What kind of opportunities do see out there for black women interested in studying subjects like mathematics?
I think the opportunities for women in the STEM field are limitless. I would encourage someone to major in one of the STEM fields in college. There are even scholarship programs available in these fields. Men outnumber women in most STEM careers. For example, just 17 percent of chemical engineers and 22 percent of environmental scientists are women. But that doesn’t mean it’s hard for women to get jobs in those fields. In fact, many companies want to hire and keep qualified women for STEM jobs.
What do you tell students who are convinced math isn’t for them or who are really discouraged with math in general?
I tell them that mathematics is everywhere. Students need to think about what mathematics has made possible for them, including the technology of cell phones, computers, video games, etc. It reminds me of the story of Albert Einstein and how he failed a math class in middle school. I tell them to keep in mind that every year is a new year. He didn’t talk until the age of two. His elementary teachers thought that he wouldn’t accomplish much academically. This is one of the reasons why I included Albert Einstein in my book, so that students know the way you start out in life doesn’t be the way that it will always be. Albert Einstein proved that a person can be a late bloomer academically and he later blossomed beyond anyone’s expectations. I use his life story to show them that regardless of their prior math experiences, remember that every year is a new year. A mathematics concept that didn’t make sense at one time would make sense later on.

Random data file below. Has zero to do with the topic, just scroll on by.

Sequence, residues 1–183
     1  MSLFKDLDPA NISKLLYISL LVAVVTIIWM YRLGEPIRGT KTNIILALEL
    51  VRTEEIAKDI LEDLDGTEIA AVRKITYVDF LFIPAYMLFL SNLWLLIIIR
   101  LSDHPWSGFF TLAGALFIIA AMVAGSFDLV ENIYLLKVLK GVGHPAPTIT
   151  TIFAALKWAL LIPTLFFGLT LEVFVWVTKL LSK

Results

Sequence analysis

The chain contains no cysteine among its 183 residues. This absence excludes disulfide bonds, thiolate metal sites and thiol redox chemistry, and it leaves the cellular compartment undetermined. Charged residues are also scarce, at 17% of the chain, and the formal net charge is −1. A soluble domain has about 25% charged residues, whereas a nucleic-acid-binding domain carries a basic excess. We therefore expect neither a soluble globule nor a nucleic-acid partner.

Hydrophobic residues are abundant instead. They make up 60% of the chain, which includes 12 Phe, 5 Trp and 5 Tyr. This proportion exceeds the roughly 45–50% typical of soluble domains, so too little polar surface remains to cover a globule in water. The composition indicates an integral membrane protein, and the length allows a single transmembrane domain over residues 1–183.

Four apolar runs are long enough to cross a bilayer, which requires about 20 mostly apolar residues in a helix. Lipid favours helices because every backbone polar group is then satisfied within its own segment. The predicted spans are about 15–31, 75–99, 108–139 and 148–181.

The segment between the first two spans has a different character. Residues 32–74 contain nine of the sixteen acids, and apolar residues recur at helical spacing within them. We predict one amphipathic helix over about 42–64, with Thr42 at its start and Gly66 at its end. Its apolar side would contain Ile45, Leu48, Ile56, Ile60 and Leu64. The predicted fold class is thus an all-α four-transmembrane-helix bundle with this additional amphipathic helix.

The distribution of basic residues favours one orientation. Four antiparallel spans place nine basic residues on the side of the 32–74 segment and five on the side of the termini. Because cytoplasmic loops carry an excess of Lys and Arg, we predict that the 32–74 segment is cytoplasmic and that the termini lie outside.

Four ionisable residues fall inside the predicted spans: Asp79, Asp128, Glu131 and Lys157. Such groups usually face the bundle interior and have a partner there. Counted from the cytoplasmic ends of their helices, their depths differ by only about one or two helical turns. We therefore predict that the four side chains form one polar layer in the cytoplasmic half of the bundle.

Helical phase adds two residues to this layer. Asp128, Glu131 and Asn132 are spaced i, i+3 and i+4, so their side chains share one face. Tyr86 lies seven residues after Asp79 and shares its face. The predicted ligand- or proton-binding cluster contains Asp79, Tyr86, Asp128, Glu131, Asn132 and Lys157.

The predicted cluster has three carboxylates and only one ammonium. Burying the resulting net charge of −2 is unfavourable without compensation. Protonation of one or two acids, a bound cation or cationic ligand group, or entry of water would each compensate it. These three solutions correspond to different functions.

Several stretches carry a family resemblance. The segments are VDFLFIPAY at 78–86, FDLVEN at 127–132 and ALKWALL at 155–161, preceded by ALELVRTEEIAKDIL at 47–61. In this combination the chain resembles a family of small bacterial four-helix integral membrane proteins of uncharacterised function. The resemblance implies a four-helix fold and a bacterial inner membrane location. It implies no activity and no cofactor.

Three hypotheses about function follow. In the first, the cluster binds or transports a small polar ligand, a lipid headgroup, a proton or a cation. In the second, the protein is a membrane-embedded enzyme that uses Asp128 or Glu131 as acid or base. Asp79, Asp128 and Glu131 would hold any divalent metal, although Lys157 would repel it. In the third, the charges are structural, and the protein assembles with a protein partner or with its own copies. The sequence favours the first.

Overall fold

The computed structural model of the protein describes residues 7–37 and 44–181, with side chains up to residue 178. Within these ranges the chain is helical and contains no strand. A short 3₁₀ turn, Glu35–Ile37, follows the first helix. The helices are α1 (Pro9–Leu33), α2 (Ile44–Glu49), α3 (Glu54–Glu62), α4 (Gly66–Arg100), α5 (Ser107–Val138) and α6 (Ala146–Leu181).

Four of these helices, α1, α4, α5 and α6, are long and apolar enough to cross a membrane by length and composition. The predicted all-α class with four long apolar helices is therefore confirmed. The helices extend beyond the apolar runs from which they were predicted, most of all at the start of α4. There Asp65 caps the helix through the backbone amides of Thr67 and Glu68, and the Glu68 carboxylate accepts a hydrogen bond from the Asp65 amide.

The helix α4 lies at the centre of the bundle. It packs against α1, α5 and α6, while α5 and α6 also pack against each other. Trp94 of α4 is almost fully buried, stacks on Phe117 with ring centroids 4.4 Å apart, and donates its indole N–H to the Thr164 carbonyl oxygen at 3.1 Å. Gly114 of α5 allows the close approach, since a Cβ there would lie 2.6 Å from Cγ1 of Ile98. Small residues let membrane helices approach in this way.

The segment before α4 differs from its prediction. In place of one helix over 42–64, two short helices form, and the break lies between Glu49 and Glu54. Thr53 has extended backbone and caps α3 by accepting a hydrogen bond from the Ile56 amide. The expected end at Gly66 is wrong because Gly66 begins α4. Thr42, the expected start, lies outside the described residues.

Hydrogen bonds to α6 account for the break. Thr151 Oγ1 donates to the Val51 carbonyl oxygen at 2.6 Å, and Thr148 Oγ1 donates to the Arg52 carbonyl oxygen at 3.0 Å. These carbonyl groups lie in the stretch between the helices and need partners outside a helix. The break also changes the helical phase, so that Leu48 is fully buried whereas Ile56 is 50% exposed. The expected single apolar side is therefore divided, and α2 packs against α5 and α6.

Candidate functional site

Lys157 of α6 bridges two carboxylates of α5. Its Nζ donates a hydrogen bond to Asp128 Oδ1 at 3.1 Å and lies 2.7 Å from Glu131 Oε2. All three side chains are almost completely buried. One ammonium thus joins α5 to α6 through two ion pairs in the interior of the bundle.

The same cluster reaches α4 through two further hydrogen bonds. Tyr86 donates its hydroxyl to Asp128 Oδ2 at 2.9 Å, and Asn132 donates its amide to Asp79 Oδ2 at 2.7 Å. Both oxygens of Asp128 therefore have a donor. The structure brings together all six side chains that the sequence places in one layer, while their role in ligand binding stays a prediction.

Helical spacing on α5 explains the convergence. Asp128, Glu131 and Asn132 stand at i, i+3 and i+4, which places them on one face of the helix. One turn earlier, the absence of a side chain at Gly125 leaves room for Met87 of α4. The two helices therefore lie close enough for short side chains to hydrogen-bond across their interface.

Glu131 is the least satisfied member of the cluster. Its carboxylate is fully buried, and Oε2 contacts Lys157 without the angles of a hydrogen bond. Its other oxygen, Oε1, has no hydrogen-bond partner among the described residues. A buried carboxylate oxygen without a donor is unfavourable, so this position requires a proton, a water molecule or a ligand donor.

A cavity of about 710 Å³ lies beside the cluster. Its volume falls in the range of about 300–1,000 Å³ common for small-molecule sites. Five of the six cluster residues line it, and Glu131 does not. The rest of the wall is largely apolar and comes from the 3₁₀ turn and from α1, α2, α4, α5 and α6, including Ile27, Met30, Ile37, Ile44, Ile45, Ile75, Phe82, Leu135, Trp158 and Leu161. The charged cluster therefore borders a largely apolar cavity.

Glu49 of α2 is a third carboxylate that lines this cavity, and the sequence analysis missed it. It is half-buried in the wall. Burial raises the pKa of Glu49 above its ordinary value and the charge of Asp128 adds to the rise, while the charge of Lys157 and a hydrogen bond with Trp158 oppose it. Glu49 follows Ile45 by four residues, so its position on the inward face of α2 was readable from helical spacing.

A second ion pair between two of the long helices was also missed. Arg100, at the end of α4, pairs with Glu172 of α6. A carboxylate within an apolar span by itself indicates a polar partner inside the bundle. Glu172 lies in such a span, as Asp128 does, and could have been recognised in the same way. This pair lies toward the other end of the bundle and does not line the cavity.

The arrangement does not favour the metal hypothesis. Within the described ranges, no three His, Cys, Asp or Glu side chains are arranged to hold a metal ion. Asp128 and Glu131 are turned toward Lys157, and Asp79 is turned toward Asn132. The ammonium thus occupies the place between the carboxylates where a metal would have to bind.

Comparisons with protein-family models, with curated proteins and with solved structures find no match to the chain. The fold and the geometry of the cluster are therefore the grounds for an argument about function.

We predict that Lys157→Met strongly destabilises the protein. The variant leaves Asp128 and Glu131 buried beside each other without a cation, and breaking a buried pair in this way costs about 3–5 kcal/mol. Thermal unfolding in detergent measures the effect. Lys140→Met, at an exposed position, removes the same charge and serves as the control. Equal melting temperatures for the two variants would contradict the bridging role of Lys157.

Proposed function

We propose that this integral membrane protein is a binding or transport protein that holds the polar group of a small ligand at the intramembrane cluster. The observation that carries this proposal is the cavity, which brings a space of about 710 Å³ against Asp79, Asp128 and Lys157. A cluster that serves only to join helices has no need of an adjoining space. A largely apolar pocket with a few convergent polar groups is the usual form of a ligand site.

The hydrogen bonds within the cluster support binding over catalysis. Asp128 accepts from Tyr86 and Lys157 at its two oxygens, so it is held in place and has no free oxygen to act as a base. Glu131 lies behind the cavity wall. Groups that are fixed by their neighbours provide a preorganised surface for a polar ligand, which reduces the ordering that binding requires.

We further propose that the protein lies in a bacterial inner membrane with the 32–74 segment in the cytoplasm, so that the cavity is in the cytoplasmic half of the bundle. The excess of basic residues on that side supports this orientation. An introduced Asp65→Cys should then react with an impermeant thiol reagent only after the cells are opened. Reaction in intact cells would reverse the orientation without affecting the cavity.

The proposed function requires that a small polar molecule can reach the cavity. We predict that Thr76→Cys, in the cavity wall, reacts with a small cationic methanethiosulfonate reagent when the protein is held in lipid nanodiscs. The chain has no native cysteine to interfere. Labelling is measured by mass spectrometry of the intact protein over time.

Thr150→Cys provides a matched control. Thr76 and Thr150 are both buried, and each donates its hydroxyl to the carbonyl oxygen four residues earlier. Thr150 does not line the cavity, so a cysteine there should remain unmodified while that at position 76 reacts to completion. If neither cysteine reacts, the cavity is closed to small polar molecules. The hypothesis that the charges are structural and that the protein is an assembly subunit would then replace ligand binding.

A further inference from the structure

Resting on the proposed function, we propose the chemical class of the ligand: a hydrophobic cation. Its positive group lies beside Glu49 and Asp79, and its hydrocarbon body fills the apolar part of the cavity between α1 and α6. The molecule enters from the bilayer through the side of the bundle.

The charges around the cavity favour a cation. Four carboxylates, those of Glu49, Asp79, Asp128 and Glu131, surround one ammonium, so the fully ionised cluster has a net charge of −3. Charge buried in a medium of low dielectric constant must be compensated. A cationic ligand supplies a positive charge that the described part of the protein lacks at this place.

How has learning mathematics made an impact in your life?
I feel so fortunate to have learned and excelled in mathematics. As a result of this, I have always been employed and even able to teach part-time if I desired. I really enjoy being able to help others get over their fear of mathematics and gain confidence in their own abilities. I want people to see mathematics as a gateway to a world of opportunities.
Math is the key. Let it unlock your potential.
Throughout Marilyn’s 20+ year teaching career, she has received several awards and honors including the Who’s Who Among America’s Teachers®, People to People Ambassador Education candidate and the Disney Worldwide Outreach Program (formerly DisneyHand) Teachers Award nominee. You can learn more about Marilyn’s publications and find more resources on her website, Math-Attack.